Many residents opted to stay in their home city, in a show of resistance, to ward off Russian attacks; many have staged protests over the past few days.

Stlll - desperation is rife; some citizens have tried to buy large amounts of food that they sell to people in need and others have begun looting. Conditions are cold and sometimes below freezing at night, the average person is fast running out of resources and hope.

This comes after Russian forces attacked Kherson’s telecom towers earlier this month, raining strikes on four radio and TV towers, isolating it from the rest of the world and cutting off its capacity to share information. At least 32 TV channels and several dozen radio stations were affected.

The Ministry of Defence also said reports suggest Russia is planning to stage a referendum in the captured region of Kherson to legitimise it as a breakaway republic.

Amid this destruction are foreign students who to just want escape this hellish reality and “go home”

“We are stuck in Kherson (...) cannot even be outside. There’s no way out,” Christoph, a Cameroonian student said during a video plea posted on social media.

“Many of our friends are suffering from trauma. We have been calling and doing everything that’s possible with the embassies and everybody and all people keep telling us to wait. We are waiting; we don’t have food, drinking water, we are scared and living in a basement.

“We are asking people to ask the Ukrainian Government, Russian Government, our embassies and Goverment to please manage a way for us to leave this place. This is not our war. (...) What are we doing here? Allow us to go. We want a means of transport to leave.”

Three nationals of Indian, an ally of Russia, previously stuck in Kherson were evacuated via Simferopol and Moscow earlier this week, the Indian Embassy in Russia tweeted on Tuesday.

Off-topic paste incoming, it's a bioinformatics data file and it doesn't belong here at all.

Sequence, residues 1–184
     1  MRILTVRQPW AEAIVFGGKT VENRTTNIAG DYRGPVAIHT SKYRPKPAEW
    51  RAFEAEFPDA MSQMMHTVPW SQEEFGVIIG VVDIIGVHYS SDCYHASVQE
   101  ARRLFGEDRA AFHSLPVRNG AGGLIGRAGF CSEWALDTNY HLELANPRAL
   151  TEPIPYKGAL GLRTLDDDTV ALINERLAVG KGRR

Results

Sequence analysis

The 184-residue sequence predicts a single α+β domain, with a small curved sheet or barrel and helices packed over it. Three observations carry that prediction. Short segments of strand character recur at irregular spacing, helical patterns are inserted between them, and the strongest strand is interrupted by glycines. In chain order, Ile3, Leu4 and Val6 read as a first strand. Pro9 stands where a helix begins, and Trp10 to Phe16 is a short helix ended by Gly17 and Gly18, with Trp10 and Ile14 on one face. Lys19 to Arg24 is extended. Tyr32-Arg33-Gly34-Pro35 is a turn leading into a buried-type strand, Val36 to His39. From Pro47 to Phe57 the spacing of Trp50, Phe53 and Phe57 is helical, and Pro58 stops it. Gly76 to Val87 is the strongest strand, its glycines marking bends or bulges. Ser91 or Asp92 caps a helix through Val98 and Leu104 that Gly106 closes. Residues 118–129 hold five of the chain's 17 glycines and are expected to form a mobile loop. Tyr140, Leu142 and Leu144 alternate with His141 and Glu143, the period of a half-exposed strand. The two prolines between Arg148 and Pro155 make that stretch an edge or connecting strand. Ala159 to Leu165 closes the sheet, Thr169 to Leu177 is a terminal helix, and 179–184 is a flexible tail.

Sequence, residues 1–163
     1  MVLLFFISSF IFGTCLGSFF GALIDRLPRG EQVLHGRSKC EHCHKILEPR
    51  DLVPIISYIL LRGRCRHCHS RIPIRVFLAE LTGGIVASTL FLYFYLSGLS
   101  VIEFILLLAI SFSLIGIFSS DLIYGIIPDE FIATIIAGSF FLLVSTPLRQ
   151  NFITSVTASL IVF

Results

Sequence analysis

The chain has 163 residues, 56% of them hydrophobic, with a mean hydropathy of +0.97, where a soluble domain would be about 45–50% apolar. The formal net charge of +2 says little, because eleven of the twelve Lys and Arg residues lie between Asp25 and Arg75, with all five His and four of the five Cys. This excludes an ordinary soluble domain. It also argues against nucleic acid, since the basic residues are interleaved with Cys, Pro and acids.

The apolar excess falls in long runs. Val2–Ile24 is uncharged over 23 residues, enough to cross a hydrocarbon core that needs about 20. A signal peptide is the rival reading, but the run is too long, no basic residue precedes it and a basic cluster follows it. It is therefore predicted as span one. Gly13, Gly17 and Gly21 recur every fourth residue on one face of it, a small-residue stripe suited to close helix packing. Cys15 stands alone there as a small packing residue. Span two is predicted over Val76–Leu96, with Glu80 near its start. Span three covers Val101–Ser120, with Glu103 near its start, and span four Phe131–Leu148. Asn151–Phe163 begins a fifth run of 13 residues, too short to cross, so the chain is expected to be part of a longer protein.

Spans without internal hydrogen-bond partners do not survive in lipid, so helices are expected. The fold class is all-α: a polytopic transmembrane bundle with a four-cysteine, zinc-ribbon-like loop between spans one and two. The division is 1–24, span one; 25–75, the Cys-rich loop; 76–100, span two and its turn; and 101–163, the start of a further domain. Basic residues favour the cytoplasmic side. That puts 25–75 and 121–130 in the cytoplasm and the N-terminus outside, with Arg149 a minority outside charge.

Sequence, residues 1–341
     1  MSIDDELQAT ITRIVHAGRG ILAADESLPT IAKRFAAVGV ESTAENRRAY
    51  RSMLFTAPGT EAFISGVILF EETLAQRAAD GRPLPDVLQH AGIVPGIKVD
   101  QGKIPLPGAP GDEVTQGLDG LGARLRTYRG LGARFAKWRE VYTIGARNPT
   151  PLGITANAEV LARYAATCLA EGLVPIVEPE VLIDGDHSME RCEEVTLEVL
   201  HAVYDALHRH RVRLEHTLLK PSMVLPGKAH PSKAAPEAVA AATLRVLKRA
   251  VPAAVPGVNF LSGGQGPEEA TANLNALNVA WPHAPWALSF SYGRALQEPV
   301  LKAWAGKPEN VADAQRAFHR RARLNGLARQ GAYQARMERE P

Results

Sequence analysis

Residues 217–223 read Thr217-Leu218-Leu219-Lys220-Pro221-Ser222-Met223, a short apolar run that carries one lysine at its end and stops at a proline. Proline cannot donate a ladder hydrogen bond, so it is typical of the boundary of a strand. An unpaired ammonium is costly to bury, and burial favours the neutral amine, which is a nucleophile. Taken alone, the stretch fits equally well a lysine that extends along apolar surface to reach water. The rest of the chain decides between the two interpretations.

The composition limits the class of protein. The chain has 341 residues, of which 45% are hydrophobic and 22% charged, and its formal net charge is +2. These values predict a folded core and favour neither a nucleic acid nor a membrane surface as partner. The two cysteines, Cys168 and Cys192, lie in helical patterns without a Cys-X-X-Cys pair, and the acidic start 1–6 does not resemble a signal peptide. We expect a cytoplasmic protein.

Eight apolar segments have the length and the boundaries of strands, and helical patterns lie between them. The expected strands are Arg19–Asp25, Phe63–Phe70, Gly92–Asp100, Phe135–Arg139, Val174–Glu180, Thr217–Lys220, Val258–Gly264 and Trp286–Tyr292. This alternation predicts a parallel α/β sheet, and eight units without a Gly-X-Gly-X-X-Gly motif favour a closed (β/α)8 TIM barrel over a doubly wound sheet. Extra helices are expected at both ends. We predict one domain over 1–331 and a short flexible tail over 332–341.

A Change.org petition calling for the immediate rescue of Black people stranded in Kherson has amassed over 46,000 signatures amid a consensus that international students in the city have been “forgotten” by Governments and organisations that can render assistance.

“The students fear for their lives and being seen to be speaking publicly about their issue would be a security risk,” the page, launched by Black Women 4 Black Lives, reads.

“We, the undersigned, call on the international community, especially the United Nations and Red Cross, to urgently rescue the 100+ Black people, International students and all others currently stranded in occupied Kherson, Ukraine.”

The Foreign and Commonwealth Office has been approached for comment.

Register for free to continue reading

Registration is a free and easy way to support our truly independent journalism

By registering, you will also enjoy limited access to Premium articles, exclusive newsletters, commenting, and virtual events with our leading journalists

Already have an account? sign in

By clicking ‘Register’ you confirm that your data has been entered correctly and you have read and agree to our Terms of use, Cookie policy and Privacy notice.

This site is protected by reCAPTCHA and the Google Privacy policy and Terms of service apply.

Join our new commenting forum

Join thought-provoking conversations, follow other Independent readers and see their replies

Comments

Thank you for registering

Please refresh the page or navigate to another page on the site to be automatically logged inPlease refresh your browser to be logged in